What is it about a man’s trigger finger tracing your naked collarbone from your shoulder to your throat then down between your breasts that makes you fall into yourself? When you try to think of the word for this, you can’t come up with one. It’s something you feel happening before it even happens, some mysterious tingle in the air, a foreshadowing that something bigger than you will throw your body into deep water and there’s nothing you can do to stop it. You’ve felt it before with other people, but each time it feels unnameable, beyond language. It’s like balancing on the front of an inflatable raft and knowing before you hit the rapids that you’re going to tumble out, and sure enough when the raft hits the first rock, you lose your grip and bounce right into the icy river. You try to remember your training, try to recall your preparation for this moment, but you’re being pulled under and in your panic of trying to come up for air, your head keeps hitting the raft’s bottom. The only way to survive is to submit to the current, let it hold you under, and there’s a peace that soaks into your skin once you allow the river to do what it’s going to do. That’s how you feel when you meet this young man you weren’t expecting to meet. You lie on your back and let this river carry you through foamy white rapids full of jagged boulders because you have no other choice, but the whole time you’re hoping someone will catch you and pull you out of yourself, easy as a fisherman lifts trout from a stream.
A standard pressure cooker can boil liquids at 120 degrees Celsius. When the regulator knob on the lid is pushed, steam escapes through a tiny vent. A woman believes it is necessary to press this knob from time to time so that the pot does not erupt. A man believes the pot is fine if it is less than 2/3 full. How long until a poet uses this metaphor to justify an affair?
We both had our book projects and halfway through our time together, I started worrying that he was tolerating me when he needed to be writing. I didn’t know how to ask if I was bothering him without sounding needy, so I refrained from seeking him out in his studio, and when I passed him in a hall and felt the urge to touch him, I’d hold back, feeling desire pulse through me like my own heartbeat. Other times, I’d see him leave a room, then I’d find the chair he’d just abandoned and sit in it, and inhale his cologne lingering in the cushion. The peril of him walking back in and finding me there shamed me.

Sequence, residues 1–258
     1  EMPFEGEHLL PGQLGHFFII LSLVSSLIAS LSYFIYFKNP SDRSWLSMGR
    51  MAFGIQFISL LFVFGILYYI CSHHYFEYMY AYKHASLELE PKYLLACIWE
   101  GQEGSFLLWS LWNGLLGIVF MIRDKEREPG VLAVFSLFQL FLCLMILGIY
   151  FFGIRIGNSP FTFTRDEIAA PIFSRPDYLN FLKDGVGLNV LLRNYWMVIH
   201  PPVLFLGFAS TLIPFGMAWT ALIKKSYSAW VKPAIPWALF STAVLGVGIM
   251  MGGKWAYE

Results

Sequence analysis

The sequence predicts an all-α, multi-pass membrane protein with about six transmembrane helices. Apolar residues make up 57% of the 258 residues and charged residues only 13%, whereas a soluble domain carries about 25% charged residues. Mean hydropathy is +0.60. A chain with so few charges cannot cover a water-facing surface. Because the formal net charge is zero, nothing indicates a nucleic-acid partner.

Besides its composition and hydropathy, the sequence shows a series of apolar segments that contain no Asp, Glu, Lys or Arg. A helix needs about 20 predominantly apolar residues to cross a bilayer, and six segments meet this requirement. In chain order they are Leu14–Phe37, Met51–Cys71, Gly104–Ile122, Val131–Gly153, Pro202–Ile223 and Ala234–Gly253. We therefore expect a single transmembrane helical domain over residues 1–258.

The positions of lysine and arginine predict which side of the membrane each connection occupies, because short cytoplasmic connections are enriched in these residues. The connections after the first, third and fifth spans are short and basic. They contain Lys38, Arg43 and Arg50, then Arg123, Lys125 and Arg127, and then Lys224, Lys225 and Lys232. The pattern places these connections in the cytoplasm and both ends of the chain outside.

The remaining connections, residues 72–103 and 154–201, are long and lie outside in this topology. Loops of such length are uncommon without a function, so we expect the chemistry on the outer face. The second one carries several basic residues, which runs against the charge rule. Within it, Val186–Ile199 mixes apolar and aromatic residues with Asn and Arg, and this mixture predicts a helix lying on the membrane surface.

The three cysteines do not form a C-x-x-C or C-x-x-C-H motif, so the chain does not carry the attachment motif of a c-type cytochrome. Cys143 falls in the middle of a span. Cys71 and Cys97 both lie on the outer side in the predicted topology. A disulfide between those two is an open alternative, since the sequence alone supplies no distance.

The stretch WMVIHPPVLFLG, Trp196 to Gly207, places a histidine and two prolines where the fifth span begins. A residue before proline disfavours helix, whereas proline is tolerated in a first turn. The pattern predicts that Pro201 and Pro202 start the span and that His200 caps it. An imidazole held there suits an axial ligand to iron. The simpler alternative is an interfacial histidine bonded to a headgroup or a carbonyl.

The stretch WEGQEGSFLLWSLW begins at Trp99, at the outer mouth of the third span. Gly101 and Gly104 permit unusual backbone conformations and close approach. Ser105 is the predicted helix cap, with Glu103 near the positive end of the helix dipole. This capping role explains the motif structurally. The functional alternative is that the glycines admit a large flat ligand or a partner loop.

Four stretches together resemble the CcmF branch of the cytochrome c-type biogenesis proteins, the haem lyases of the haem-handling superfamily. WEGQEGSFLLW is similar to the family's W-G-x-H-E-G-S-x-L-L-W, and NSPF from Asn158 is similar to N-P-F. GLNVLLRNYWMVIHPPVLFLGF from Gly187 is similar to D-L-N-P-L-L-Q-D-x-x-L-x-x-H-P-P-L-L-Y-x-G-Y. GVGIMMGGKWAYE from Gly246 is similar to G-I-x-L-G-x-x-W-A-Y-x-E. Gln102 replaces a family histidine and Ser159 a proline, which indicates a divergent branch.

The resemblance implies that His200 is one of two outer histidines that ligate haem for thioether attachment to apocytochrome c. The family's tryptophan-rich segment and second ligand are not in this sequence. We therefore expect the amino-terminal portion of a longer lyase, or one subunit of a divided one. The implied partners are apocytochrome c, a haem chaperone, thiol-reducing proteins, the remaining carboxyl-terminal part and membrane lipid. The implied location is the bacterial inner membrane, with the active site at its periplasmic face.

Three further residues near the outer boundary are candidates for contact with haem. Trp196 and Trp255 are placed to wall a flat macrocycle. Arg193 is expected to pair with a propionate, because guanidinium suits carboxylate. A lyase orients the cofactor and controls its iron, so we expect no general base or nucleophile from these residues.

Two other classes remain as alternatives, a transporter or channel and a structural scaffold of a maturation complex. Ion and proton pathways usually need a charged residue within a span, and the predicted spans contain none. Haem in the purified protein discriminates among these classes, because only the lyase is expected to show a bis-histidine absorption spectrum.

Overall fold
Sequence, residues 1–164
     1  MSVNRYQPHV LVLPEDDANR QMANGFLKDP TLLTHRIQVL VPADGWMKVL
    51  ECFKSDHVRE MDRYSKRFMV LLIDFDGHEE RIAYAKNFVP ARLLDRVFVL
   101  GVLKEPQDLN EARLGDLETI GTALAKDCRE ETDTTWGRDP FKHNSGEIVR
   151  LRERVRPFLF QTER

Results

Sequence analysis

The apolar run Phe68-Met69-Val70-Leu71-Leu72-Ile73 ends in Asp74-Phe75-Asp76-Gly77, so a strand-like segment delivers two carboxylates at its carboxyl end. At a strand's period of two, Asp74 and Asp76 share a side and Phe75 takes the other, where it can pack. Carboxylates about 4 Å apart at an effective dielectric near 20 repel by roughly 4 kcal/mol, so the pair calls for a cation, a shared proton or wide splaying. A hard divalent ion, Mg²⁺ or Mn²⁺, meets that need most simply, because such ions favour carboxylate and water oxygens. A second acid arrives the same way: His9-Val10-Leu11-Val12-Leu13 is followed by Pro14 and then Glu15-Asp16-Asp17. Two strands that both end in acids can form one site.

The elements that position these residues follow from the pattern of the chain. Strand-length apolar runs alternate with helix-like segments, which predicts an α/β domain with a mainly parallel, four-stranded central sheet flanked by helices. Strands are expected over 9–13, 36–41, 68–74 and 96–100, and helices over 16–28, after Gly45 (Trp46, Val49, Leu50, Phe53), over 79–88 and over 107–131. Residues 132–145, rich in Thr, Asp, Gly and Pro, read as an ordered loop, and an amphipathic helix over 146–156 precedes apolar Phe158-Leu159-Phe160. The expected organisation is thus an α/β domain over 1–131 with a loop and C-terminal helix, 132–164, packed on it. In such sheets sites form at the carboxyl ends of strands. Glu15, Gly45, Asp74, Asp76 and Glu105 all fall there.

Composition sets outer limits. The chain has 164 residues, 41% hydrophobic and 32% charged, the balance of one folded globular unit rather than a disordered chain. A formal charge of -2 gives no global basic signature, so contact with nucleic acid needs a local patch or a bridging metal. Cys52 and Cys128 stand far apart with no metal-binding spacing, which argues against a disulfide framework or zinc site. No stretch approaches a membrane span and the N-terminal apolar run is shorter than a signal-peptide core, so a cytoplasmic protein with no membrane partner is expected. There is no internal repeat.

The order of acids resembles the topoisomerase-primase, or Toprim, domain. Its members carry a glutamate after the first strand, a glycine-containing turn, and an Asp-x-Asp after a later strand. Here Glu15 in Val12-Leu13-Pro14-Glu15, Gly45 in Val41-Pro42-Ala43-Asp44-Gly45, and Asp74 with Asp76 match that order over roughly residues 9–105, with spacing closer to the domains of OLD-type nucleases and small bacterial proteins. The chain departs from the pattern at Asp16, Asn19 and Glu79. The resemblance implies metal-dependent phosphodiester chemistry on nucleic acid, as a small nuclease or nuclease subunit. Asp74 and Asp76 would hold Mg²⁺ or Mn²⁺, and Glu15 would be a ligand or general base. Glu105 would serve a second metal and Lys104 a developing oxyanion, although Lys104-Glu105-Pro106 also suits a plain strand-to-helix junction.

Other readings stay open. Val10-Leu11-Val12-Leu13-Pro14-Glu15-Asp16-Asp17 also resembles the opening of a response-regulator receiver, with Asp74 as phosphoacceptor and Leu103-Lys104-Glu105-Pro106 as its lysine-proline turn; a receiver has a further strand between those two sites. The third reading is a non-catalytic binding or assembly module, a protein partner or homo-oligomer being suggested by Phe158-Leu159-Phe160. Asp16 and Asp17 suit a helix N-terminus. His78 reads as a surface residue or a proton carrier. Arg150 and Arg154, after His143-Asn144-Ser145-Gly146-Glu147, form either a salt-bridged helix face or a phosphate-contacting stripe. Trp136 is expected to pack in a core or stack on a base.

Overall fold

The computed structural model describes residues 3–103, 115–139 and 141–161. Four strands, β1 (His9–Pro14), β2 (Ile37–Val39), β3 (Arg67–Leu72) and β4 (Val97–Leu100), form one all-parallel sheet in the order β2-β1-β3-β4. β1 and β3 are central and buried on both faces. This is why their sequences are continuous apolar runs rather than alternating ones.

One afternoon we were hiking, and he reached out his hand to hold mine. We walked a measure, our fingers interlaced like a couple of teenagers. Then he wrestled his hand back and swiveled to glance over his shoulder, surprised at his own slip into reckless behavior, a public display that would reveal more to the world than if we’d stripped naked and streaked through the main house. I was just as guilty. At lunch, my pretend-to-pick-lint-off- his-shirt-just-to-touch-him touch said everything about me. If nothing else, our coming together confirmed the law of physics that two people who want to touch will al- ways find a way, even when nothing can happen. Even when everything can happen.
And at night he was all kinds of everything. I wanted to memorize every detail, so as I inhabited each moment, I stood outside it as well, noting how his hands felt knot- ted in my hair, pulling fistfuls until my chin pointed to the ceiling, his mouth gasping against my neck. When he pushed me against the wall, I tried describing it to my- self to preserve it, but I kept losing track, that part of my brain responsible for language surrendering to the tender scratch of his fingernail on my thigh as he glided his hand between my legs.
After each encounter, an English professor records the details of lovemaking in a spiral-bound notebook. The acts become no more than the sum of the letters in the words she uses. Given what you know about this woman’s compulsion to compartmentalize, calculate how many consonants and vowels she will employ to describe the PhD student sleeping beneath her.